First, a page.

USCIS has made changes to help immigrants

USCIS is the part of the government that handles legal immigration to the United States. Due to a number of reasons, the US immigration mechanism had become clogged over the years and there was a need for reforms and restructuring.

In this backdrop, the U.S. Citizenship and Immigration Service has made seven important changes to how it handles immigrant cases in the past few months. Here’s a quick summary of the recent changes

 

1 – Extending the time that authorised work can be done

USCIS (U.S. Citizenship and Immigration Services) announced that most people who renew their Employment Authorization Documents (EADs) on time (including family, employment, specialty, TPS, asylum, and diversity applicants) will get an automatic extension. This will increase the amount of time they can work from 180 days to 540 days. The longer time periods will help noncitizens whose EAD renewal applications are still pending keep their jobs and keep U.S. businesses running smoothly.

 

2 – Work Permits for H, E, and L Visa Holders’ Spouses

The USCIS put out new rules for H, E, and L spouses who want to get work permits. Now, E and L dependent spouses can work as part of their status, and this will be written on their I-94 forms when they come to the United States. This means they won’t have to apply for EADs any more. Also, some H-4, E, or L dependent spouses can now get an automatic extension of their current work permits and EADs, as long as they filed the right paperwork to renew them before they expired and have an I-94 form showing their current status that hasn’t expired. Also, their EADs will be automatically extended until the earliest of: the end date on Form I-94 showing valid status, the approval or denial of the EAD renewal application, or (see improvement 1) 540 days from the date the last EAD expired.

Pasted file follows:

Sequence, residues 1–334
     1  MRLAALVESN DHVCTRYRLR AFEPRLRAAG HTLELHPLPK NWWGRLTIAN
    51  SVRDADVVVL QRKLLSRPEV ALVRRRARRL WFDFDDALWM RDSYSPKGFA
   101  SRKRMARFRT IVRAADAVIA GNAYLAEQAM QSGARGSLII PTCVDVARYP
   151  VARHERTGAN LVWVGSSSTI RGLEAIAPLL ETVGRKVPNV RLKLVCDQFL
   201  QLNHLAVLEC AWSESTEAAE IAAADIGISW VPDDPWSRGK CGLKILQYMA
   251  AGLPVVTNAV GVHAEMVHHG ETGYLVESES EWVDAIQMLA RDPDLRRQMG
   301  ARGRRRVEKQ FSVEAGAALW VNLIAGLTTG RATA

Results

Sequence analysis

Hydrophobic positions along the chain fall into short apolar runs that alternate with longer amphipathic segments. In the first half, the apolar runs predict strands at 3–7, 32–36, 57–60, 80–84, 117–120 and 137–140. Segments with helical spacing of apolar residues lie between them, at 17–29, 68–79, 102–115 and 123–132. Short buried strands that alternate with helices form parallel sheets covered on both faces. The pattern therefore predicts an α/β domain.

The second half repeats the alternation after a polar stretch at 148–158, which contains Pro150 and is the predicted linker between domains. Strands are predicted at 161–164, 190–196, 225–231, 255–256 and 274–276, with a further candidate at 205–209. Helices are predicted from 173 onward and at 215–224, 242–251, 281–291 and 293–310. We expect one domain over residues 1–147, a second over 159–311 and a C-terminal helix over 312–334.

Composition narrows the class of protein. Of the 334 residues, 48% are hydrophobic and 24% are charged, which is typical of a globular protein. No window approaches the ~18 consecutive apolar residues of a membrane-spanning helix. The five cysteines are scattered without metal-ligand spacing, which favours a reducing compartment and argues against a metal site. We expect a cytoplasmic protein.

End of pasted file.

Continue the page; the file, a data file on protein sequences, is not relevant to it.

3: Faster processing for EB-1 and EB-2 applicants

The USCIS is putting in place premium processing for people whose EB-1 and EB-2 petitions are still being processed.

The growth will happen in stages:

From June 1, 2022, they will accept Form I-907 requests for E13 multinational executive and manager petitions received on or before January 1, 2021.

From July 1, 2022, they will accept Form I-907 requests for E21 NIW petitions received by or before June 1, 2021, and E13 multinational executive and manager petitions received by or before March 1, 2021.

As the expansion of premium processing is being done in stages, the USCIS will keep working toward making Form I-140 employment petitions, Form I-539 change of status forms, and Form I-765 EAD forms available for premium processing in fiscal year 2022.

In the meantime, USCIS has promised to follow a congressional rule that says the expansion of premium processing can’t make it take longer to process regular requests for immigration benefits.

 

4 – Extensions of TPS and Awards

The USCIS has made the following announcements about extensions of Temporary Protected Status (TPS):

• On April 15, 2022, Secretary of Homeland Security Alejandro N. Mayorkas made a new 18-month TPS designation for Cameroon.